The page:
Odd Etymology: 5 Common Words with Uncommon Origins

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Odd Etymology for Writers

Etymology, the study of words and their origins, stimulates creative thinking in writers. And let’s face it. As word nerds, writers spend much more time working with these units of thought than anything else. Words can make or break our career whether we are, say, marketing writers, content writers, travel writers, or bloggers. So for the love of lexicon, here are a few of our favorite words and their uncommon origins.


Once upon a time when Amazon dot com was nothing more than a mere prophesy by some heretic living alone in a cave by the sea, the word had a different kind of power. Amazon originally meant “breastless woman.” Oh yes. These breastless women were none other than the Amazonians during the days of Ancient Greece. Tall, fierce and not so feminine, these supposedly fabled women warriors who lived near the Black Sea were something to be reckoned with. How did they get to be known as breastless? In order to better pull their bowstring, this race of legendary ladies would burn off their breasts. Turns out their bosoms were a bit of a burden.


At the base of vocabulary we have the word “fundamental.” So it only seems natural that the origin of fundamental would be “buttocks” or “anus,” which is the base of our bodies, right? As it turns out the word “fundament” was a 13th century word that translates into “buttocks.” Fundament is the underlying part, the foundation, which translates into our modern day fundamental.


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The next time you buy your mother-in-law a potted orchid for her birthday, do it with a smile. This delicate blossom with its tender shoots and easy to drop petals originated from the word “orchis” in Greek. Orchis translates as testicles. Yep, you got it. Those prim and gossamer plants that cause home gardeners so much strife are akin to testes, balls, nuts, bollocks. Now you’ll never look at your ethereal orchids the same again.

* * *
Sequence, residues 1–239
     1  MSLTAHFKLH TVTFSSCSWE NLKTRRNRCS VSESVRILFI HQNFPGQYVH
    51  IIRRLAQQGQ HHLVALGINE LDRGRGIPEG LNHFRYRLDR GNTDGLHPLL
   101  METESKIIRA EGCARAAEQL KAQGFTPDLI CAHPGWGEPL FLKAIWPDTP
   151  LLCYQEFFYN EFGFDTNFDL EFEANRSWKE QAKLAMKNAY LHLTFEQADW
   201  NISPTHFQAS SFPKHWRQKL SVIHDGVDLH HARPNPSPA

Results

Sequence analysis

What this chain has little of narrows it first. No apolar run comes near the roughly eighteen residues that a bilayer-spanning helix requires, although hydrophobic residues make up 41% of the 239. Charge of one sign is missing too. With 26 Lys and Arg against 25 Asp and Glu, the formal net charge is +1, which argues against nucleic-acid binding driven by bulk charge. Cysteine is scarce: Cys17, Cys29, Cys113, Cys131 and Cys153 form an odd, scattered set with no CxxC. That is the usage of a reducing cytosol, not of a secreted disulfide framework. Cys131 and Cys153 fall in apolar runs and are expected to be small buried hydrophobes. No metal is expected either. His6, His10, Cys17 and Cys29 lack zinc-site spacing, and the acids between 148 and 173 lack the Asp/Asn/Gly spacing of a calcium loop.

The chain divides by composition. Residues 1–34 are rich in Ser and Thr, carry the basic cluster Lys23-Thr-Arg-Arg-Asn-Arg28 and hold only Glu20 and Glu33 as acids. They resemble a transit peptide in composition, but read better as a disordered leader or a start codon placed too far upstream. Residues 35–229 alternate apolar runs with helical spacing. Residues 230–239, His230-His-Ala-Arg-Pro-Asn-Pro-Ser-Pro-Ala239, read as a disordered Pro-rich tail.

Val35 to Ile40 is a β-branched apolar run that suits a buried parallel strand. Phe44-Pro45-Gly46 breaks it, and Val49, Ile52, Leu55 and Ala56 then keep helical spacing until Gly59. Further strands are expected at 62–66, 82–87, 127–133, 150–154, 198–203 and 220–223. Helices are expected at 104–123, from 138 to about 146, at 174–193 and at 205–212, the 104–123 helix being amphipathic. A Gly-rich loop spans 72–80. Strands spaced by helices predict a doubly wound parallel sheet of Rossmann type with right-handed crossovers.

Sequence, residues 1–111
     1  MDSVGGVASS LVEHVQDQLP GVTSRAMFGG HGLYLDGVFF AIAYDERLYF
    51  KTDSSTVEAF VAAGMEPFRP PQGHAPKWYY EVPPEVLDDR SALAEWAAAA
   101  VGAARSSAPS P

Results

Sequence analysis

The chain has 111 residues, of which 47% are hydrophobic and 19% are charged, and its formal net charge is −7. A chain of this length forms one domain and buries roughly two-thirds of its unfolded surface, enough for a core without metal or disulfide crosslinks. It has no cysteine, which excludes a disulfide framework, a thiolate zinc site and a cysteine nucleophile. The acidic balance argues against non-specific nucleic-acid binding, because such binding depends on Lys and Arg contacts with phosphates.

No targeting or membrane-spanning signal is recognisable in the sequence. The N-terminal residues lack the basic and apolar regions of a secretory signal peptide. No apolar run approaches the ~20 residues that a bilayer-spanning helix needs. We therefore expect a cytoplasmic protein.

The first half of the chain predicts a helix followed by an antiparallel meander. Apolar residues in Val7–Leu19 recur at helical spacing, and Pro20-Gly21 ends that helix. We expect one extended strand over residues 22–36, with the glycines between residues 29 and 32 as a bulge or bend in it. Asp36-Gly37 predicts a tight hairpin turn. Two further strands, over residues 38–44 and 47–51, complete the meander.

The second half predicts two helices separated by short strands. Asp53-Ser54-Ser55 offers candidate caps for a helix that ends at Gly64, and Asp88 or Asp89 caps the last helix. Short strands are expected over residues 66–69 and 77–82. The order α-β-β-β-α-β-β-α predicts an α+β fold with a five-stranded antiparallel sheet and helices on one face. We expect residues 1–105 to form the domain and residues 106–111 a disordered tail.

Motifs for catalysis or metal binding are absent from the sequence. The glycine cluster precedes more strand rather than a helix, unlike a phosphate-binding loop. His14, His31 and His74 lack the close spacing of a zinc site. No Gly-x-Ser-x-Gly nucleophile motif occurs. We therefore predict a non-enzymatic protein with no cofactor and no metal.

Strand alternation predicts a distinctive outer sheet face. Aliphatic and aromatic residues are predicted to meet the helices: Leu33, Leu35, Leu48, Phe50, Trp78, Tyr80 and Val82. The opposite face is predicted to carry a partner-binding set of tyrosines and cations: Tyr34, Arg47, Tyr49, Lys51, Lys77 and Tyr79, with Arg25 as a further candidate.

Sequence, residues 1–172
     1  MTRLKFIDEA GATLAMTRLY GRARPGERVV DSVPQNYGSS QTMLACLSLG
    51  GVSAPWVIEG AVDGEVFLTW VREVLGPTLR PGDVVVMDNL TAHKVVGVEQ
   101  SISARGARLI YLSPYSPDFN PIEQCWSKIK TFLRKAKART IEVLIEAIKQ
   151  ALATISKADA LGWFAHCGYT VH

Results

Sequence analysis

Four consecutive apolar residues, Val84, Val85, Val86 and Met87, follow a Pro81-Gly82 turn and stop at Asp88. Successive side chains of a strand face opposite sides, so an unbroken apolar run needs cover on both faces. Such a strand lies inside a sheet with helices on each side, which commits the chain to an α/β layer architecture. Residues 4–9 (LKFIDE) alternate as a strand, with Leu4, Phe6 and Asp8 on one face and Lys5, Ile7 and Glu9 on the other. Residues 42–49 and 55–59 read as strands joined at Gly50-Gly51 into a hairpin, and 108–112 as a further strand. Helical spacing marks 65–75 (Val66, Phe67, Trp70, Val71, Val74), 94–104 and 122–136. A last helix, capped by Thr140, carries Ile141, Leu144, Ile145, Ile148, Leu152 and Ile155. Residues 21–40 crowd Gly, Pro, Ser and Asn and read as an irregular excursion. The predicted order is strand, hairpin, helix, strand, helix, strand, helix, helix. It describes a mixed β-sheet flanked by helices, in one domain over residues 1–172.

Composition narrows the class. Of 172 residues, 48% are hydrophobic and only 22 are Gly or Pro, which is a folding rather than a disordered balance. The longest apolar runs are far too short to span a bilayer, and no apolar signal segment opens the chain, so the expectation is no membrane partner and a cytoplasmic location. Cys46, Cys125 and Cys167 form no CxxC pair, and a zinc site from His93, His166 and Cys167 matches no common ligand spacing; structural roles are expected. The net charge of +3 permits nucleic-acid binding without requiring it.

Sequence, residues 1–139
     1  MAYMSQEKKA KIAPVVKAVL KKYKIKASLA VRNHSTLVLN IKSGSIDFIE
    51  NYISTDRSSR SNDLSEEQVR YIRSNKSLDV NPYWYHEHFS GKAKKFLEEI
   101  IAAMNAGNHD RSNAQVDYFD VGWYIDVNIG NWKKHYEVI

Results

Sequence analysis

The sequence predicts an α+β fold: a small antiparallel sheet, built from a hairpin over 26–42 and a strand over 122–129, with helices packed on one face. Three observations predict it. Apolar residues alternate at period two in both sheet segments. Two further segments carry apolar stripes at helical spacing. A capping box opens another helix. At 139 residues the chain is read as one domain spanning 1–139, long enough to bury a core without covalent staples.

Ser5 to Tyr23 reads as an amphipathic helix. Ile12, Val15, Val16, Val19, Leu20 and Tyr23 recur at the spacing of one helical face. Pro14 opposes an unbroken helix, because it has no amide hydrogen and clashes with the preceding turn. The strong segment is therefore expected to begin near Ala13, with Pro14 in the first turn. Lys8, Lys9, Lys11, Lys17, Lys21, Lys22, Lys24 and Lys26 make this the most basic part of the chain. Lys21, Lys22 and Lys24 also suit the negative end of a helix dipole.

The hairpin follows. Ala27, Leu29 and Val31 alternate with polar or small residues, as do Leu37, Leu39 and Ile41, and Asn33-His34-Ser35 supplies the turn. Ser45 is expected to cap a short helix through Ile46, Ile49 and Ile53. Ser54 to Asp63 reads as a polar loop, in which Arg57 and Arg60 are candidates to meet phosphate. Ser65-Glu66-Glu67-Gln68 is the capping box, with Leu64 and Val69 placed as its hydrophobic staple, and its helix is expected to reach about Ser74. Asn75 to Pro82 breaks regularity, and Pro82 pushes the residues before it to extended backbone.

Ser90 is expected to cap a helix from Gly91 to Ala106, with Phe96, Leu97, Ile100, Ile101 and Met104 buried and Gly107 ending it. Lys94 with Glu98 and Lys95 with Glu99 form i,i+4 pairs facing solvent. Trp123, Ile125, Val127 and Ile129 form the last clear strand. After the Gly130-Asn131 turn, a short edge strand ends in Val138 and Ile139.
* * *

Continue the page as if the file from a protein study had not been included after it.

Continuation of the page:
Hobby has a heaping helping of origins. Originally, a hobby was what someone in the 14th century would call a person, as in “hoby” with one “b.” This was a nickname for those named Robert or Robin. Additionally, the Old World falcon that was used to hunt larks and other small game were called hobbies. By the 15 th century, hoby was used in France in reference to such mischievousness as harassment and skirmishes, while the Dutch used hob to mean to rock or roll. From these odd yet worldly word origins we have the hobbies of today, which are more diverse than the word’s many origins.


Of the eldritch words on this list, “weird” has its own unusual origin. The first uses of “weird” came from Beowulf and Macbeth. Weird, oddly enough, meant “fate” or “destiny” in those novel tales. By the 19th century, we turned this noble word into the, well, weird meaning it has today.

So the next time you are flipping through your thesaurus for a synonym or clicking on your online dictionary for a meaning while writing, consider the origins of your words as well. You might just surprise yourself and your readers with a new grain of thought.


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